PURSUANT TO SECTION 44.104, WHEN PARTIES AGREE TO SUBMIT TO VOLUNTARY BINDING ARBITRATION, THE APPEAL IS TO THE CIRCUIT COURT; NO FURTHER REVIEW IS PERMITTED UNLESS A CONSTITUTIONAL ISSUE IS RAISED.
Kaplan v. Epstein, 42 Fla. L. Weekly D1006 (Fla. 4th DCA May 3, 2017):
After the parties in the appeal chose to submit their entire dispute to voluntary binding arbitration, there was an appeal to the circuit court, which affirmed the decision. The losing party tried to appeal to the Fourth District.
The plain language of the statute is clear; when parties agree to submit to voluntary binding arbitration their appeal is only to the circuit court, unless a constitutional issue is raised. Here, there was no constitutional issue raised and thus no further review was permitted. The court dismissed the appeal for lack of subject matter jurisdiction.
FLORIDA’S DANGEROUS INSTRUMENTALITY LAW APPLIED TO AN ACCIDENT OCCURRING IN SOUTH CAROLINA WHERE BOTH PARTIES TO THE LITIGATION WERE FLORIDA RESIDENTS–UNDER THESE PARTICULAR CIRCUMSTANCES, FLORIDA HAD THE MOST SIGNIFICANT RELATIONSHIP TO THE ISSUE OF VICARIOUS LIABILITY.
Ward v. Morlock, 42 Fla. L. Weekly 1038 (Fla. 5th DCA May 5, 2017):
The defendant and his family were vacationing in South Carolina with his brother in law, and his family. The brother in law’s son needed a ride to the airport, and the brother in law asked the defendant if he could borrow his vehicle. It was on the way to the airport that the plaintiff was rear ended at an intersection in South Carolina.
The plaintiff sued the defendant in Florida (both parties were Florida residents) seeking damages under Florida’s dangerous instrumentality doctrine. However, defendant answered arguing that South Carolina law, and not Florida law applied. The defendant stated that there was no evidence that he negligently entrusted his vehicle to his brother in law or that he would otherwise be liable to the plaintiff under South Carolina’s family purpose doctrine. Therefore summary judgment was proper. The trial court agreed and found South Carolina law did apply and granted defendant’s motion for summary judgment.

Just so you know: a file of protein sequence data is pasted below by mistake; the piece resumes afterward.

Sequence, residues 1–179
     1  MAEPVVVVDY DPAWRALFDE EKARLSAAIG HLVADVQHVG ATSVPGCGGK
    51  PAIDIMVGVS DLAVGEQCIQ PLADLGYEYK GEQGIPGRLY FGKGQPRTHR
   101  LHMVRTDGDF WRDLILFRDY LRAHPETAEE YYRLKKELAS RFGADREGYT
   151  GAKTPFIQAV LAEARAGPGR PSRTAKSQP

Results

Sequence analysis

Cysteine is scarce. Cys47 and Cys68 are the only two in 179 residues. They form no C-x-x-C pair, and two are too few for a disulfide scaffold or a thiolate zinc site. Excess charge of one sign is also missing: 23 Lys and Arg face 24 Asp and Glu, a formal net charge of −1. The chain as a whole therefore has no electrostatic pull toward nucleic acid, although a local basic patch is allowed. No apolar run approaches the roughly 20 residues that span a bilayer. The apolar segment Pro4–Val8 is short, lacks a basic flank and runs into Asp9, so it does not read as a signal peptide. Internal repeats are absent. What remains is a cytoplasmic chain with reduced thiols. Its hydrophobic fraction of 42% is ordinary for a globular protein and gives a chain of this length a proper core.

In analyzing the critical legal issue in dispute, i.e., whether the owner of the automobile could be held vicariously liable, the analysis of the conflict of laws from the restatement which focuses on specific issues in tort (Sections 156-174) direct the forum court to apply the local law of the state with the most significant relationship to the occurrence and the parties with respect to the issue of vicarious liability, before determining whether one person is liable for the tort of another.
Applying the applicable sections, the court concluded that Florida had the most significant relationship because the defendant was a Florida resident and the vehicle that his brother in law was operating was registered and insured in Florida. Therefore, there was a reasonable relationship between the defendant and Florida.
Additionally, the plaintiff was also a Florida resident. Applying Florida law on the issue of vicarious liability is consistent with the policy behind its dangerous instrumentality doctrine that is to protect plaintiffs from “impecunious drivers” by imposing liability on owners.
Notably, the brother in law who was not sued, resided in Pennsylvania. The court noted that Florida has a manifest interest in protecting its residents, and in holding them responsible under its dangerous instrumentality doctrine. This, the court said, far outweighs any interest that South Carolina had in the application of its laws, where neither driver nor owner resided in South Carolina.
Meanwhile, while both states have a public policy of protecting an injured plaintiff against monetary costs at the hands of a negligent defendant, South Carolina does not impose vicarious liability upon owners. Thus, the application of Florida’s law in this case more readily serves the purpose, without offending South Carolina law. Additionally, South Carolina has little if any interest in protecting the defendant who is a Florida resident from liability.
Finally, the chance that the interstate system would be impacted when both of these parties were Florida residents was minimal. Thus, under the facts, the court reversed summary judgment.